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PLATFORM : We Can, and Must, Create a Pride of Place

July 29, 1993| RICHARD WEINSTEIN, dean of the Graduate School of Architecture and Urban Planning at UCLA, comments on the benefits of Playa Vista, the vast residential, office, retail and hotel project near Marina del Rey. The first stage of the long-delayed development comes up before the city Planning Commission today. and

For every job this region has lost in defense downsizing, two have been lost in construction. The economy of Los Angeles is suffering from an identity crisis and a national perception that we don't have the will, the intelligence or the hold on our fate to attract business, keep the middle class and produce the jobs to address our social problems and support the inventiveness of our people.

Playa Vista is an affirmation that we have a future as a community. That we can anticipate and accept change and invent the means to accommodate it. No other project in the United States approaches its breadth and sophistication in addressing the social, cultural, environmental, housing and transportation issues that define sustainable managed growth.

Further, Playa Vista creates a sense of identification with a Southern California place, its climate and possibilities, and offers an alternative to soulless tract development.

Much less than a city but more dense than a sprawl, Playa Vista offers a future for Los Angeles that establishes a contemporary self-sufficient village scale, rooted in old traditions, but incorporating a new horizon in environmental, social, transportation and community planning. Pride of place, the precondition of a true community, is impossible without sufficient density to support the qualitative context out of which a public realm can emerge--the trees, parks and cultural enrichments of a good life, better balanced between private satisfactions and public participation.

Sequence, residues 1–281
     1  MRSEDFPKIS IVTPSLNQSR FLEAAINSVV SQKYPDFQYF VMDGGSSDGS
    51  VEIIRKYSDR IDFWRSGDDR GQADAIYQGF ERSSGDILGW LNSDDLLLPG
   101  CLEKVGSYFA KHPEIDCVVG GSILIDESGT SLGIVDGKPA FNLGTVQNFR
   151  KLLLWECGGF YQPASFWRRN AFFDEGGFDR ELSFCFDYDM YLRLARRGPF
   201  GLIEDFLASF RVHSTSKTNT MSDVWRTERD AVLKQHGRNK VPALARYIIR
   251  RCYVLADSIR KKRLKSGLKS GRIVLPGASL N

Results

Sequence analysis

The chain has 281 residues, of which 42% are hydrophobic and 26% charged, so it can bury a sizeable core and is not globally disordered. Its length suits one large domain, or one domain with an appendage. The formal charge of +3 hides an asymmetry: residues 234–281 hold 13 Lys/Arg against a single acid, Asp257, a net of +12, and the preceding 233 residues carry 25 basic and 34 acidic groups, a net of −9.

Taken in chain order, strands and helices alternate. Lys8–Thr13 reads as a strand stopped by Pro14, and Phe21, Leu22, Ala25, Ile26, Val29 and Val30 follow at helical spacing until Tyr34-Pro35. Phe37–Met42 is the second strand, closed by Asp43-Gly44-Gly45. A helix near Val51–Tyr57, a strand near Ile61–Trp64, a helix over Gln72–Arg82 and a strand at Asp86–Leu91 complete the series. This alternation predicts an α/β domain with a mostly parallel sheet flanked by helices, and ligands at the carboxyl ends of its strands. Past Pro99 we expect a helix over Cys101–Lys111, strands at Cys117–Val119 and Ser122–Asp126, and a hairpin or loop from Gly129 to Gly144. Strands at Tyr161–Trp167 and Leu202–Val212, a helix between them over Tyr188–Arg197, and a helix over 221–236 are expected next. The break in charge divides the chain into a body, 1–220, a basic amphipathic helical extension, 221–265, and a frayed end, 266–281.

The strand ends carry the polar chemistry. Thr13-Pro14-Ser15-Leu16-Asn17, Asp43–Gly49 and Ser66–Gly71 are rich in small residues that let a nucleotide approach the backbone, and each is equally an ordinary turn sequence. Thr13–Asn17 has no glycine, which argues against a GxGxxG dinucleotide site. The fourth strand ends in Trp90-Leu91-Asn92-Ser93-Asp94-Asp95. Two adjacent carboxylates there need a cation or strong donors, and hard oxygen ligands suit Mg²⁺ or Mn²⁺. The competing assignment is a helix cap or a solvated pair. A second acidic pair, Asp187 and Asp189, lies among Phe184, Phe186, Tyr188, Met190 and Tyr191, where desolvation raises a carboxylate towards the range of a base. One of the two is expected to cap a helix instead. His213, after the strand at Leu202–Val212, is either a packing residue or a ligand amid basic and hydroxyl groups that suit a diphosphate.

Resistance to change arises from fear of change, yet it is the children of those who already live here who will account for two-thirds of our population growth, making change inevitable. Where and how will we accommodate this growth? Studies at UCLA have shown that communities at the periphery, starved for schools, firemen and police are at war with each other in the courts to capture what meager commercial development exists across disputed boundaries. These adversarial procedures are repeated throughout the region at every scale and even between neighboring cities, aggravated by regulatory networks impossible to trace even for those who are paid to manage them. Is it any wonder that we lose faith in each other and in our governments?

Meanwhile, it is obvious to others that it is a risk to invest in a place that is both over-controlled and out of control. It's less a question of whether there's a there there, but is there any future there.

Playa Vista represents a collective act of will involving environmentalists, politicians, citizens, architects, developers and public agencies sufficient to alter the punishing perception of a fragmented, ungovernable, selfish, fear-obsessed community that has lost the power of invention and a compelling and tangible vision of the future.

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